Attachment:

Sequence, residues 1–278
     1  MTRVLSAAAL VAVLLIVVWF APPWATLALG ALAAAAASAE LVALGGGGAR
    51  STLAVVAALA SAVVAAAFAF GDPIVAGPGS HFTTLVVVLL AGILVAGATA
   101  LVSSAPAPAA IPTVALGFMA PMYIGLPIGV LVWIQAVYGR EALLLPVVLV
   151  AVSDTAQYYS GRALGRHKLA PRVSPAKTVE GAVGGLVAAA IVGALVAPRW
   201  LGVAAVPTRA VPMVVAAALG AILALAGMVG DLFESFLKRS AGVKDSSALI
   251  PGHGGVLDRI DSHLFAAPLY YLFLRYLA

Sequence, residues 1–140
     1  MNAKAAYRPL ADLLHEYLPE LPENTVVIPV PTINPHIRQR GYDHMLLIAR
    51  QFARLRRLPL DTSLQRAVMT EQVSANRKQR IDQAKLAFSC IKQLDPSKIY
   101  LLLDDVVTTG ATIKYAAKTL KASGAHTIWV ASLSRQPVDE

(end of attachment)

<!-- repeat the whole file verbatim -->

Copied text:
Sequence, residues 1–278
     1  MTRVLSAAAL VAVLLIVVWF APPWATLALG ALAAAAASAE LVALGGGGAR
    51  STLAVVAALA SAVVAAAFAF GDPIVAGPGS HFTTLVVVLL AGILVAGATA
   101  LVSSAPAPAA IPTVALGFMA PMYIGLPIGV LVWIQAVYGR EALLLPVVLV
   151  AVSDTAQYYS GRALGRHKLA PRVSPAKTVE GAVGGLVAAA IVGALVAPRW
   201  LGVAAVPTRA VPMVVAAALG AILALAGMVG DLFESFLKRS AGVKDSSALI
   251  PGHGGVLDRI DSHLFAAPLY YLFLRYLA

Sequence, residues 1–140
     1  MNAKAAYRPL ADLLHEYLPE LPENTVVIPV PTINPHIRQR GYDHMLLIAR
    51  QFARLRRLPL DTSLQRAVMT EQVSANRKQR IDQAKLAFSC IKQLDPSKIY
   101  LLLDDVVTTG ATIKYAAKTL KASGAHTIWV ASLSRQPVDE